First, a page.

top of page

Canopic Horse

17"h x 20"l x 11"w;

Photo by Kendrick Moholt

I’ve been interested in Egyptian artifacts since the King Tut exhibit travelled the US in 1979. Of particular interest to me were the “canopic vessels", though I enjoyed the exhibit in its entirety. In regard to the vessels, I wondered whether anyone found these items comical in their times, or if they just thought it was a great idea to take the various organs from the deceased, and put them in separate jars that sported the images of local animals.  


I like horses, as is evident from my works, and I felt that the animal would make not only a better bearer of ones organs into the afterlife than say, a baboon, but in the process, be a bit more familiar of a ride. Death is frightening enough, without the fear of spending eternity in the bowels of a baboon. And speaking of bowels, or more generally the abdominal cavity, the much larger horse would provide a roomier abode within which to spend one's forevermore.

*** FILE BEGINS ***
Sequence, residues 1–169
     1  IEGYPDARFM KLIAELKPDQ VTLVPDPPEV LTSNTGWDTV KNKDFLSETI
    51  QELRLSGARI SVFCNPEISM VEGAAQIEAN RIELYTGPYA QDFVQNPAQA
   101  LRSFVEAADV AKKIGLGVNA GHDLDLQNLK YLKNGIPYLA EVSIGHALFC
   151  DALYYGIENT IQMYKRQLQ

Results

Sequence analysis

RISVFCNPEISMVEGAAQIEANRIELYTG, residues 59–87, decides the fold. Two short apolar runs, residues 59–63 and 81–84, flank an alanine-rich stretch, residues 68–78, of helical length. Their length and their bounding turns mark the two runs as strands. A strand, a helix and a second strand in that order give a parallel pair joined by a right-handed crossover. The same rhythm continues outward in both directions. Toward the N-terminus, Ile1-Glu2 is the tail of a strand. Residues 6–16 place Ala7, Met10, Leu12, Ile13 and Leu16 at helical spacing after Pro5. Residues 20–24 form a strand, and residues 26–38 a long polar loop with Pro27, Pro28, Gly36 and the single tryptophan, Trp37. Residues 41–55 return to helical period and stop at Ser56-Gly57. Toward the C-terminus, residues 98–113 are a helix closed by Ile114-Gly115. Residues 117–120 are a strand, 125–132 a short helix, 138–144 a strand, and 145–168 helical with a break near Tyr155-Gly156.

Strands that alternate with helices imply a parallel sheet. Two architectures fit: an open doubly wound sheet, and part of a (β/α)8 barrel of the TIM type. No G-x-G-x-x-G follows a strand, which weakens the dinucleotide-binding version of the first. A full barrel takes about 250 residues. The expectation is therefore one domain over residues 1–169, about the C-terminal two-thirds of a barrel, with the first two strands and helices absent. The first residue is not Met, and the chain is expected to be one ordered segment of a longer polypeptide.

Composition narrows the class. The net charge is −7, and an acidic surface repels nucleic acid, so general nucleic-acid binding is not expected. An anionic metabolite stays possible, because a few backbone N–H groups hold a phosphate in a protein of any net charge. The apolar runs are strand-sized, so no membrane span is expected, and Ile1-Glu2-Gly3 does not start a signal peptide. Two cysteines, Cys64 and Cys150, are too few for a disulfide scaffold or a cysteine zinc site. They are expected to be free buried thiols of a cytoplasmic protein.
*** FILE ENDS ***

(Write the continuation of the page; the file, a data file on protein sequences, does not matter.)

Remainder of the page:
My “Canopic Horse” has ample room for the liver, and plenty of room left over to throw in a lung or two, and maybe more. Being that after you die, you really aren't doing much bodily travel, it seemed appropriate in this piece that the feet would have no legs, but rather, just hang on chains.  I wouldn't want my organs racing all over creation in my afterlife. Best they stay put near the rest of me. 

Bronze horse funerary urn with head and hooves on chains.
Click Image to Magnify
bottom of page